“The Transitional Buyback will be structured in a way that gives the Co-operative capacity to buy back shares throughout the entire 11-week period. This involves having capacity to buy shares in each week as well as additional flexibility to accommodate different levels of liquidity across the period. Fonterra can buy up to a maximum of 75 million co-operative shares as part of this buyback,” says Mr Hurrell.  

Be a leader in sustainability  

“Our Co-op is continuing to make sustainability improvements both on-farm and off-farm to retain our competitive edge. 

“At last year’s Annual Meeting, we signalled to farmers that the Co-op will announce a target for our on-farm (scope 3) emissions.  

“Having a target will help us secure and retain high value customers and enable the Co-op and our farmer owners to meet regulatory requirements and access finance.  

“We acknowledge making change on-farm is not easy. Over the coming months, we will be talking with our farmer owners about how collectively we’d achieve a target.   

“At the same time, we’re continuing to invest in R&D and new technologies to help reduce emissions on-farm. We currently have 18 methane reduction projects underway and 30 active trials of potential solutions.  

“This includes a new private-public partnership joint venture announced in November through which Government and partners from across the food and fibre sectors will work together to reduce methane emissions.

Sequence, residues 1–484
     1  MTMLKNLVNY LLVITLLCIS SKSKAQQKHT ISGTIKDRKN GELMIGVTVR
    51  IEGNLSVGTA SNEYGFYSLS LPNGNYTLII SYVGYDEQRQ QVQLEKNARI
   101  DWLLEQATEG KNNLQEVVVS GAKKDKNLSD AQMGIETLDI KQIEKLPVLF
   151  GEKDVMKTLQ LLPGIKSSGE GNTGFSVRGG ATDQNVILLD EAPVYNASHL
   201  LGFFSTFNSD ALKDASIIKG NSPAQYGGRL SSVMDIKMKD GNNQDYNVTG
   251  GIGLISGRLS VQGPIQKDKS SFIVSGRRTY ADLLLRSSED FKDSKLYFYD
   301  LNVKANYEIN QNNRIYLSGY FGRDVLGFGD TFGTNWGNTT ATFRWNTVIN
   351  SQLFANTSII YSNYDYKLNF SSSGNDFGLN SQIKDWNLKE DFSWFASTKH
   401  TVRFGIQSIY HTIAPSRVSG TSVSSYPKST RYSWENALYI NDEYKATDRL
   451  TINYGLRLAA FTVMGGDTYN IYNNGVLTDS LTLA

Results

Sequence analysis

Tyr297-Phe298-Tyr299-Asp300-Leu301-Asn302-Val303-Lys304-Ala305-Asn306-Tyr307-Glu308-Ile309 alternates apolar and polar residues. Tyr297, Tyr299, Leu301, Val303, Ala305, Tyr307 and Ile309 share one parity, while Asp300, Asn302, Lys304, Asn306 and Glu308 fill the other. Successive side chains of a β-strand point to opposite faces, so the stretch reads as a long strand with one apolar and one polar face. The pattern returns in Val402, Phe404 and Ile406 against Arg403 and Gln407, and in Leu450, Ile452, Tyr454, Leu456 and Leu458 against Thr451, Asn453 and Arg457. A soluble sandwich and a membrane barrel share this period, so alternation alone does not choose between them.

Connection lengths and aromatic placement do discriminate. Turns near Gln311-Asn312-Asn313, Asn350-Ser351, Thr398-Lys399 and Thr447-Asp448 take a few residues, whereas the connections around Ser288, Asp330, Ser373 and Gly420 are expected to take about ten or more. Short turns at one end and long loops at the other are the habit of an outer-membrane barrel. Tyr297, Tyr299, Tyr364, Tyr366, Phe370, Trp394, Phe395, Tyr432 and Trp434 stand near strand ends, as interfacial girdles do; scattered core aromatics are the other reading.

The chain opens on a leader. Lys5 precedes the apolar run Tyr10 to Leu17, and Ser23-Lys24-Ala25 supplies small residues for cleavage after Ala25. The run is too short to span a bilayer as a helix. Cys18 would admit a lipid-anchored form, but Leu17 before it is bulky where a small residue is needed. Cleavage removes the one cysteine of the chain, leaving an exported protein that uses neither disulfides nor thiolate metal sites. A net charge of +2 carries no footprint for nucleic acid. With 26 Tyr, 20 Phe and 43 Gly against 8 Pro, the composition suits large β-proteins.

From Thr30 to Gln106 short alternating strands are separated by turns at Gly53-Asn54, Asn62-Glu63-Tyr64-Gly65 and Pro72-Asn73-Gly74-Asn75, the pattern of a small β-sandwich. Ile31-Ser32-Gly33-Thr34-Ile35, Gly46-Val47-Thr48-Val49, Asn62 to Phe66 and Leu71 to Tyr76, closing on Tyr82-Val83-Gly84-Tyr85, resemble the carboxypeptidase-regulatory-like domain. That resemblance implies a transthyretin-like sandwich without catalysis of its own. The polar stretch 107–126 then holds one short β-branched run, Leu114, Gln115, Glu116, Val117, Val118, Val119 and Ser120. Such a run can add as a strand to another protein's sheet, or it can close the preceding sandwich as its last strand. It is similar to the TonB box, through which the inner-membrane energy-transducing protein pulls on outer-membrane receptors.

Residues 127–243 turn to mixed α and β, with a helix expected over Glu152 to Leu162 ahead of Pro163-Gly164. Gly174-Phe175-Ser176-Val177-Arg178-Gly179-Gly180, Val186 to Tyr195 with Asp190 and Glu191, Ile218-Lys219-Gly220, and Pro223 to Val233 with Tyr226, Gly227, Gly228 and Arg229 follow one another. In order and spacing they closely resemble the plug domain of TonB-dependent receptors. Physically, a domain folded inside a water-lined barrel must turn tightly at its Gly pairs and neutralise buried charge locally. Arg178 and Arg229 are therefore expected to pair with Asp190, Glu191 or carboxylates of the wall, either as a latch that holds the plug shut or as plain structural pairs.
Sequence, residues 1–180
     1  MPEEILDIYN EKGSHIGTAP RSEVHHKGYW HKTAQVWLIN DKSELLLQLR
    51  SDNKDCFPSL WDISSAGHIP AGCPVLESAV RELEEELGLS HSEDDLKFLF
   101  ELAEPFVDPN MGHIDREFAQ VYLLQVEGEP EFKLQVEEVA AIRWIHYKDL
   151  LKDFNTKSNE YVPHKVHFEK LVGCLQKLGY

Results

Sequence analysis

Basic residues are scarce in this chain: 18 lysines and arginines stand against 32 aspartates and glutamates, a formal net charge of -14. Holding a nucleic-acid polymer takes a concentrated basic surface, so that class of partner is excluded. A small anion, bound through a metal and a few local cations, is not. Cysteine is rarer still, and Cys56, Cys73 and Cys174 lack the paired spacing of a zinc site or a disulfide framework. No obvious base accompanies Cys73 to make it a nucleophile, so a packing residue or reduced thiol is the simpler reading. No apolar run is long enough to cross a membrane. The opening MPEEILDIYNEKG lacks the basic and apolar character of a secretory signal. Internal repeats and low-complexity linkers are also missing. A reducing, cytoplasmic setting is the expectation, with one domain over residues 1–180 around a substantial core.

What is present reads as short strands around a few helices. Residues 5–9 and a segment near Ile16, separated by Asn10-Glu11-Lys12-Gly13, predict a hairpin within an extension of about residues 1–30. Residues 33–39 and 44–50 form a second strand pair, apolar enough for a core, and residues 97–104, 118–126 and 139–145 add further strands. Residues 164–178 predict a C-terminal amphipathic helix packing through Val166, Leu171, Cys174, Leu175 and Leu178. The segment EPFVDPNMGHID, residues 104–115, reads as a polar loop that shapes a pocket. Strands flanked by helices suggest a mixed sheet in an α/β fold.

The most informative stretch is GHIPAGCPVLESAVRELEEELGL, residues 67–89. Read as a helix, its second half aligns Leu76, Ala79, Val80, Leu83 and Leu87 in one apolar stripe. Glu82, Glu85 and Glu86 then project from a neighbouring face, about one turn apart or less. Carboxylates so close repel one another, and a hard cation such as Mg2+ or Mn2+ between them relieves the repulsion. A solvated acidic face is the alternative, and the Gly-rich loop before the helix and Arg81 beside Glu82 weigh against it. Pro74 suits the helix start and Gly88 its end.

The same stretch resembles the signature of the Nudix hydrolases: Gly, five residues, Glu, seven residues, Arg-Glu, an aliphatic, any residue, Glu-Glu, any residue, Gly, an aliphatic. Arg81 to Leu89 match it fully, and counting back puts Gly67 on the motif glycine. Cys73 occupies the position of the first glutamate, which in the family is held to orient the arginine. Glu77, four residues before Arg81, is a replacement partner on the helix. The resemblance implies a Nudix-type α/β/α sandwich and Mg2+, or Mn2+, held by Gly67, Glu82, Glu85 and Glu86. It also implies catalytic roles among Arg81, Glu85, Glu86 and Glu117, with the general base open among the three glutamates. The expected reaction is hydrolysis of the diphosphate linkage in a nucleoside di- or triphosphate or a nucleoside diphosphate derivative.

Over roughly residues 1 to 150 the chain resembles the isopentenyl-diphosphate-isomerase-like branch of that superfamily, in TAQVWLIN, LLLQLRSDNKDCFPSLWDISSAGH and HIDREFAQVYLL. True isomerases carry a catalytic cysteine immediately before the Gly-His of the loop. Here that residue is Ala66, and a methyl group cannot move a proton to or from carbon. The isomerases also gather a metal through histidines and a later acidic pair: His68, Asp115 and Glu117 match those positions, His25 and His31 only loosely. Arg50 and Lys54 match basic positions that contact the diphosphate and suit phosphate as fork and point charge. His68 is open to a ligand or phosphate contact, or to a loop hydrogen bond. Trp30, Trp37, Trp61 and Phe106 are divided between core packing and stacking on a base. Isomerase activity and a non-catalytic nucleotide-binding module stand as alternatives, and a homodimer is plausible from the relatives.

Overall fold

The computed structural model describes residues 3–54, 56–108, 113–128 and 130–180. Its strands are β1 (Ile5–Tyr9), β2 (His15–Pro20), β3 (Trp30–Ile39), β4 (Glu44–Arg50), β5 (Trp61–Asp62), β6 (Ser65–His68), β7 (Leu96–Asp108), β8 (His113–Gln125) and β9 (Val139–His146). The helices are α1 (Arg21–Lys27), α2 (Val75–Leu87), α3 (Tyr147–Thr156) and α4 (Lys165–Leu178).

“We’re also making progress in our work to transition our manufacturing sites out of coal by 2037. At our Waitoa site we’re converting one of our boilers to wood biomass. Scheduled to be operating later this year, the new boiler will reduce the site’s annual emissions by 48,000 tonnes of CO2e, the equivalent of taking 20,000 cars off New Zealand’s roads,” says Mr Hurrell.  

Be a leader in dairy innovation and science  

“We have portfolios of innovation projects underway to help achieve the value targets set out in our 2030 strategy.  

“These are in the areas of improving product performance, exploring science backed nutritional solutions, transforming customer experience, and sustainable value change transformation.  

“Recent progress includes our partnership with PolyJoule, a Massachusetts Institute of Technology (MIT) spin-off, to trial the world’s first industrial scale organic battery. It has been installed at our Waitoa manufacturing site to improve energy security.